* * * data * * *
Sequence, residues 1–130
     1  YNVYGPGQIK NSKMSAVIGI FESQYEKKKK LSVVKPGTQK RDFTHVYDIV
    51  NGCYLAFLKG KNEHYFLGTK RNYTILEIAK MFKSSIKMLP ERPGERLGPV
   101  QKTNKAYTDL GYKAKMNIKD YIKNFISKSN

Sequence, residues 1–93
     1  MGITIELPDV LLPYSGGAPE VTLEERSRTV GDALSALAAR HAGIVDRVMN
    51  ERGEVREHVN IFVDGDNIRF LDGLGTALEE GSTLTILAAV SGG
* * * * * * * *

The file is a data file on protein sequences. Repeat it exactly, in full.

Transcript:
Sequence, residues 1–130
     1  YNVYGPGQIK NSKMSAVIGI FESQYEKKKK LSVVKPGTQK RDFTHVYDIV
    51  NGCYLAFLKG KNEHYFLGTK RNYTILEIAK MFKSSIKMLP ERPGERLGPV
   101  QKTNKAYTDL GYKAKMNIKD YIKNFISKSN

Sequence, residues 1–93
     1  MGITIELPDV LLPYSGGAPE VTLEERSRTV GDALSALAAR HAGIVDRVMN
    51  ERGEVREHVN IFVDGDNIRF LDGLGTALEE GSTLTILAAV SGG